3 tbsp white wine vinegar

1 tbsp hot pepper sauce

1 tbsp whole grain dijon mustard

1 green bell pepper, chopped

1 cup chopped celery

2/3 cup sliced green onions


Heat 1 tbsp olive oil in a large skillet over medium-high heat.  Add sausage and saute until brown, about 5 minutes.  Transfer to paper towels to drain.

Bring large pot of salted water to a boil and add potatoes.  Cook just until tender, stirring occasionally , about 8-9 minutes.  Drain well.

Whisk together vinegar, pepper sauce, and mustard in large bowl. Transfer warm potatoes to bowl and toss to coat.  Gently mix in sausage, bell pepper, celery, onions, and 1/4 cup olive oil.  Season to taste with salt and pepper.

Serve warm or at room temperature.




Tomato and Corn Pie

For those of you wondering if I’ve lost my mind, let me assure that I haven’t.  For as long as I can remember, I’ve hated tomatoes.  With a passion.  I don’t even like them to be on the same plate as anything I’m planning to eat.  My family and friends have had to put up with this peculiarity for years, and they’ve kindly refrained from telling me that I’m completely mad, but clearly I was.  This pie has officially converted me into a tomato…well not a tomato lover, but at least a tomatoe liker.  I still won’t put them on a sandwich – that juice is just too much for me – but baked into this soft crust with creamed corn, cheese and fresh herbs was just perfect.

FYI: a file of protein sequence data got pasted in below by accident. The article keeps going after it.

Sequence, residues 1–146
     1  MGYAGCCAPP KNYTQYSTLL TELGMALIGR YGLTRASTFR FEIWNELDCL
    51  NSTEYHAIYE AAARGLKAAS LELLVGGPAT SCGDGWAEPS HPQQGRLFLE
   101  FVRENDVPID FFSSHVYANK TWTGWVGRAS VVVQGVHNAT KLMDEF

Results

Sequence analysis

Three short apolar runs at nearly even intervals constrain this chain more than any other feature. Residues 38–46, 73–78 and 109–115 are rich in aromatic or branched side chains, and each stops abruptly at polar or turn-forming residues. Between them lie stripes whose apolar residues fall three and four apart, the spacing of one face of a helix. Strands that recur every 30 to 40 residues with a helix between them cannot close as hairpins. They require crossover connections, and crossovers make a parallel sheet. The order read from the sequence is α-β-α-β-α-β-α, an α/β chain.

The crust is not your typical pastry, but rather a biscuit dough that bakes up into a wonderfully light and fluffy crust that really elevates this into the ranks of awesome vegetable dishes.  The bottom soaks up all the juices from the tomatoes and corn and the top gets all crusty and golden…perfect.

I’ve recently become very interested in eating seasonally and I’m trying to buy locally grown produce , so I do realize that this is the wrong time of year for a dish that is supposed to highlight the tomato, but I simply don’t care.  Now that I’ve had this, I will happily look forward to the day when my own garden with provide me with wonderfully ripe and juicy fruit (fruit? right?) to recreate this perfect summer dish.